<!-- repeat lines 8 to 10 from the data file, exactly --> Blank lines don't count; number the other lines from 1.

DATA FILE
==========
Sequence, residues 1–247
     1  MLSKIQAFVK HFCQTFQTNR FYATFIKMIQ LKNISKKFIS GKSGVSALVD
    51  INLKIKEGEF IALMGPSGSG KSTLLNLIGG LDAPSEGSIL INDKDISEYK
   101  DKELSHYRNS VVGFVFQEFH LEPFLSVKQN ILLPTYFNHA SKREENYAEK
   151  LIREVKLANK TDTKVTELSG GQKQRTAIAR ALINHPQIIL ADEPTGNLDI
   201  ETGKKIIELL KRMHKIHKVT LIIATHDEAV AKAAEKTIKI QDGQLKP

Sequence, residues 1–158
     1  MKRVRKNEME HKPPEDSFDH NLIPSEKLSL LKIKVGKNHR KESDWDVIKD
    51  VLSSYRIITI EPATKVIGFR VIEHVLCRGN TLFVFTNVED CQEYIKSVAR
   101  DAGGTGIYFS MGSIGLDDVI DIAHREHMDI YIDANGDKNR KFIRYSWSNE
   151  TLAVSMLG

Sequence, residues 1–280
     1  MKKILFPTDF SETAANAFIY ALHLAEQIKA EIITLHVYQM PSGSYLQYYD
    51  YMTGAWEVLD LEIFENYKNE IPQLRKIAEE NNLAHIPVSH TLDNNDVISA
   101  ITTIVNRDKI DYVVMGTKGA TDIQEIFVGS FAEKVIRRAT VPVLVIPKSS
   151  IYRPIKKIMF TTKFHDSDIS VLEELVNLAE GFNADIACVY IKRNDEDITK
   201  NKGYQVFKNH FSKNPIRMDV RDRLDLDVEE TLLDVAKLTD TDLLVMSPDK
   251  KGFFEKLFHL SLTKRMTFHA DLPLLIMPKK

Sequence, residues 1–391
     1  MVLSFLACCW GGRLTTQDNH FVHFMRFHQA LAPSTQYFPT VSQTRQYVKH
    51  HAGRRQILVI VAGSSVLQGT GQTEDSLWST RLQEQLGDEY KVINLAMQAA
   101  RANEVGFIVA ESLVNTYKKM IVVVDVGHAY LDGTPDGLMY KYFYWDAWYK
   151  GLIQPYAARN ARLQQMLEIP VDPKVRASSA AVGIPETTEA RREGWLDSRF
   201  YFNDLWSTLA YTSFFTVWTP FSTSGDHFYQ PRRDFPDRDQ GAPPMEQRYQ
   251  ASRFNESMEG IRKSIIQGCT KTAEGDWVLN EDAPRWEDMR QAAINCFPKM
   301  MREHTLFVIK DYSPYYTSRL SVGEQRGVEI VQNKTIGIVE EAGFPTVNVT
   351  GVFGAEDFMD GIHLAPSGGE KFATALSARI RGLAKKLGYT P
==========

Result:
     1  MKRVRKNEME HKPPEDSFDH NLIPSEKLSL LKIKVGKNHR KESDWDVIKD
    51  VLSSYRIITI EPATKVIGFR VIEHVLCRGN TLFVFTNVED CQEYIKSVAR
   101  DAGGTGIYFS MGSIGLDDVI DIAHREHMDI YIDANGDKNR KFIRYSWSNE